(figures are in percentages)

International legitimacy should be the basis for negotiating the refugee
problem
78.3 Strongly agree
21.6 Agree
0.0 Disagree
0.0 Strongly Disagree
0.2 No opinion

International resolutions should be applied in resolving the Palestinian
refugee problem, including UN Resolution 194
67.5 Strongly agree
28.7 Agree
0.0 Disagree
0.0 Strongly Disagree
3.8 No opinion

The refugee problem is the core of the Palestinian problem
89.0 Strongly agree
10.9 Agree
0.0 Disagree
0.0 Strongly Disagree
0.1 No opinion

Lasting peace in the Middle East is tied to the return of the refugees to
their homes
86.8 Strongly agree
11.8 Agree
0.0 Disagree
0.0 Strongly Disagree
1.3 No opinion

Compensation is not an alternative to return
81.5 Strongly agree
17.2 Agree
0.0 Disagree
0.0 Strongly Disagree
1.3 No opinion

Family reunification can be considered return
0.3 Strongly agree
4.8 Agree
26.1 Disagree
67.8 Strongly Disagree
1.0 No opinion

Return must be to exact places of original residence
90.9 Strongly agree
8.9 Agree
0.0 Disagree
0.0 Strongly Disagree
0.2 No opinion

Return means going back to the 1948 territories, not to PA controlled
territories
90.8 Strongly agree
9.2 Agree
0.0 Disagree
0.0 Strongly Disagree
0.0 No opinion

Palestinian negotiators are capable of dealing with Israeli negotiators
about the right of return
6.3 Strongly agree
12.6 Agree
52.9 Disagree
25.9 Strongly Disagree
2.3 No opinion

Israeli negotiators will stick to their positions about the refugees
(meaning no return) even if it hinders reaching other agreements
85.9 Strongly agree
11.1 Agree
0.4 Disagree
0.1 Strongly Disagree
2.6 No opinion

Palestinian refugees will insist on their right of return regardless of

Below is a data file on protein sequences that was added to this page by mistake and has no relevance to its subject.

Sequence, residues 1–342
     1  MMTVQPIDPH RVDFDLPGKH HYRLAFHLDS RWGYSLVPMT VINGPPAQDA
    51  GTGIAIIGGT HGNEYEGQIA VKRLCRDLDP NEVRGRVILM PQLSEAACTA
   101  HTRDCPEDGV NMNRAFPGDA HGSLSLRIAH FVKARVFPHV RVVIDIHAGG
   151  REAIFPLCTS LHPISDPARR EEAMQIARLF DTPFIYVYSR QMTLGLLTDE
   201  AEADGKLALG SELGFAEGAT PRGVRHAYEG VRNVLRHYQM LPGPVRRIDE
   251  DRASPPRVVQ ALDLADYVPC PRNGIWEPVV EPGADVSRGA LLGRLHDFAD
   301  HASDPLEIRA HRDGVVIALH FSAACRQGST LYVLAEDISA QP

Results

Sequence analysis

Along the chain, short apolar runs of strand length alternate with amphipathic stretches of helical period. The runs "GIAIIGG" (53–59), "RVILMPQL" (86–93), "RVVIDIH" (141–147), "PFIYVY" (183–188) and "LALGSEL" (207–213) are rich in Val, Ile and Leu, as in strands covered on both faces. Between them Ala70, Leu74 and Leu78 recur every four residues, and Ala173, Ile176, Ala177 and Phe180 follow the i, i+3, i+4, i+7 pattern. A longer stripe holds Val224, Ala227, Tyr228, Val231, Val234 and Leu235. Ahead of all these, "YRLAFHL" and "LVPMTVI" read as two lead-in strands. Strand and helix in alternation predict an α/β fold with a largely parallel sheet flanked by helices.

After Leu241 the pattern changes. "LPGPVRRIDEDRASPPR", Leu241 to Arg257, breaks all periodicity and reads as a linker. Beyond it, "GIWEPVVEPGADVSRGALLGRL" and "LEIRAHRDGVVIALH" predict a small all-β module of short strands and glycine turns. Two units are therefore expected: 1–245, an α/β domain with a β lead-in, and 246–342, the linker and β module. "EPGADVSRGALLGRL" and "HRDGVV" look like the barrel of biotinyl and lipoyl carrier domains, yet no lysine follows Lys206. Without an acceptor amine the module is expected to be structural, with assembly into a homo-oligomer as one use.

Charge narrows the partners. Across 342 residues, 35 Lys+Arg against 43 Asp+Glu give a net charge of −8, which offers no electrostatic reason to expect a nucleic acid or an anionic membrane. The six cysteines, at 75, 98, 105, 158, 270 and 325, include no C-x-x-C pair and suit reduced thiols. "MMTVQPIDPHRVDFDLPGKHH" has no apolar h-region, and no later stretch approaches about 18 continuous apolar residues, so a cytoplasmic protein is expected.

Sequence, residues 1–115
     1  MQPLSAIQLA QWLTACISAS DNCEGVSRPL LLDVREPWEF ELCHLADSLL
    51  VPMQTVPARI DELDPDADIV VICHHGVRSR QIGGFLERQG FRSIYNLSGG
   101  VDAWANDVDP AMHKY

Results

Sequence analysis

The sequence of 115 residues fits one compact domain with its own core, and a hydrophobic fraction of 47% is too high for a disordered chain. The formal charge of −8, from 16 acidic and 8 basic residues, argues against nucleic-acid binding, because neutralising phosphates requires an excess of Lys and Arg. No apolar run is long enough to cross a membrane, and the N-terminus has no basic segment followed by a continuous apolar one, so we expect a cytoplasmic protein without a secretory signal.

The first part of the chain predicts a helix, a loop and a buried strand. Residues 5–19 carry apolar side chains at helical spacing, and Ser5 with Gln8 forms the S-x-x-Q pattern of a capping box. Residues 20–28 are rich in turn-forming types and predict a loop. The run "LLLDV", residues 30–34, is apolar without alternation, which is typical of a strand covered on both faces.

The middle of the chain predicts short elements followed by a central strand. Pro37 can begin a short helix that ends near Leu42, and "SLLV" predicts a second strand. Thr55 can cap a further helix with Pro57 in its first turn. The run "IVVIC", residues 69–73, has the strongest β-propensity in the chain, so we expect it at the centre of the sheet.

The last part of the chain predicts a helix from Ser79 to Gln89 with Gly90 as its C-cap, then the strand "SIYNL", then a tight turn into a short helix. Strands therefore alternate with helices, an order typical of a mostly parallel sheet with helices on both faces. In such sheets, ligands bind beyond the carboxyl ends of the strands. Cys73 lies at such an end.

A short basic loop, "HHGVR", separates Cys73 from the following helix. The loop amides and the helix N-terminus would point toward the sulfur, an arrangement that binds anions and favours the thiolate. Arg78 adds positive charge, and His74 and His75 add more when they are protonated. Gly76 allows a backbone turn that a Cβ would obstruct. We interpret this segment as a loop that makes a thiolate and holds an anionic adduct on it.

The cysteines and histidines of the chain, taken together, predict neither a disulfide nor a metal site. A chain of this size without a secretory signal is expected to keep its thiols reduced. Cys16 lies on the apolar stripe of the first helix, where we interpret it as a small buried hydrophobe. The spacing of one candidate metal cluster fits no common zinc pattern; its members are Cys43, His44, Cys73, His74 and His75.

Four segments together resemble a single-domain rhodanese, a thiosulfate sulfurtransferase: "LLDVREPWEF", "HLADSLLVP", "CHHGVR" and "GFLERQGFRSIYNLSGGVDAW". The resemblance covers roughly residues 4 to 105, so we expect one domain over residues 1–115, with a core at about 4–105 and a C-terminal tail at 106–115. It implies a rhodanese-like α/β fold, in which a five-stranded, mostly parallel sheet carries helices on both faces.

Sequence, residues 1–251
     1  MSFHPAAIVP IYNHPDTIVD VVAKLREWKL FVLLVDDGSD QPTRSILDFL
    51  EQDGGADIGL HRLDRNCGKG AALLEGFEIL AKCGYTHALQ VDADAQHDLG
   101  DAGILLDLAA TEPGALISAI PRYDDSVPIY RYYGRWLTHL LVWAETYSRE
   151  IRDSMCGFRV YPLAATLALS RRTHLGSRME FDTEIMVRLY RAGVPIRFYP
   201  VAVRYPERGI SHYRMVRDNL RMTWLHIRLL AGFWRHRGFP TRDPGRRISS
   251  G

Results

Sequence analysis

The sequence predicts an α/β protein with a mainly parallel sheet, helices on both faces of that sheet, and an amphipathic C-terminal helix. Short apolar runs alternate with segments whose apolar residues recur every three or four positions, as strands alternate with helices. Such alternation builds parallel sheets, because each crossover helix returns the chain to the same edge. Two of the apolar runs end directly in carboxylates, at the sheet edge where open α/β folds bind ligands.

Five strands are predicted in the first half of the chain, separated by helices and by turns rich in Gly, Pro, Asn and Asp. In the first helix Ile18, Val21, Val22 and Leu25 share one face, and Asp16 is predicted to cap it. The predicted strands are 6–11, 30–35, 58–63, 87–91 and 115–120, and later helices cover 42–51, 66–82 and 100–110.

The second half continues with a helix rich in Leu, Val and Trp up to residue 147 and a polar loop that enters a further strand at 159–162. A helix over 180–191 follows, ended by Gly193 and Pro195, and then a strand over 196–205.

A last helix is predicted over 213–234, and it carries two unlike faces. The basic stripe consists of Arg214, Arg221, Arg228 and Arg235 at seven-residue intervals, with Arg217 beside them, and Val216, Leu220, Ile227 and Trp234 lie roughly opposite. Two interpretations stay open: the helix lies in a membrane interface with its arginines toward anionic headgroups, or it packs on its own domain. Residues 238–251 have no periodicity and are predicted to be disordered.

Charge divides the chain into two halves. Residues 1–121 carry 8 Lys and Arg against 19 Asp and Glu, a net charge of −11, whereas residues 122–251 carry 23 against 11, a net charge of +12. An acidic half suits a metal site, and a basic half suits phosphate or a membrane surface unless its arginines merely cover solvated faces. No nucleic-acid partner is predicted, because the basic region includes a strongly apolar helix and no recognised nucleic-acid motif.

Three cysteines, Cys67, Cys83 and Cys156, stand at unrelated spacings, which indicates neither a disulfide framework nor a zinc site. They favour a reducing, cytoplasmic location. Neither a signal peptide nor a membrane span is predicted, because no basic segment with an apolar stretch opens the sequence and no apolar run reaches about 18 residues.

where they are presently residing
84.8 Strongly agree
13.4 Agree
0.0 Disagree
0.0 Strongly Disagree
1.9 No opinion

Palestinian refugees will refuse resettlement where they currently reside
80.3 Strongly agree
18.9 Agree
0.2 Disagree
0.0 Strongly Disagree
0.6 No opinion

The right of return means:
2.9 Return to areas controlled by the PA
97.1 Return to original home towns

In the event that the refugees are given an opportunity to return, you will:
96.7 Return to your original home town
0.2 Will not return to your original home town
3.2 Don't know

If given the right to return to original hometown, would you accept living
under Israeli sovereignty and citizenship
85.2 Yes
11.7 No
3.1 Don't Know

In your opinions, does the PLO have the right to concede on the right of
return?
1.5 Yes
96.5 No
1.9 Don't Know

If given the following choices, which will you choose?
68.9 Return without compensation
2.4 A package combining compensation without return, family reunification
and settling in PA areas.
3.6 Resettlement
23.7 There will be no solution
1.3 Don't know

What is your position -as a refugee- should an unsatisfactory solution is
reached?
0.9 Giving in to reality
1.7 Objecting and disputing the agreement
30.5 Finding other means to express rejection
64.5 Confrontations using force
2.4 Don't know

Do you support or object to the following phrase: "It is not possible to
accept a peace agreement which does not include the right of the Palestinian
refugees to return to their native homelands".
97.4 I support
0.0 I object
2.6 I don't know

If it is mandated that compensation be provided as an alternative to return,
you will accept
3.3 Individual compensation for each refugee
0.9 Collective compensation for the Palestinian State
93.1 Will not accept any compensation
2.8 Don't Know

IPCRI, founded in Jerusalem in 1988, is the only joint Palestinian-Israeli
public policy think-tank in the world. It is devoted to developing practical
solutions for the Israeli-Palestinian conflict.
P.O. Box 9321, Jerusalem 91092
Temporary Office: Tantur
Telephone: 972-2-676-9460 Fax: 972-2-676-8011
Email: ipcri@ipcri.org
Gershon Baskin: gershon@ipcri.org Zakaria al Qaq: law@ipcri.org
Peace Education Program: peace_education@ipcri.org
IPCRI's Environment and Water Program: environment@ipcri.org
Home Page: http//:www.ipcri.org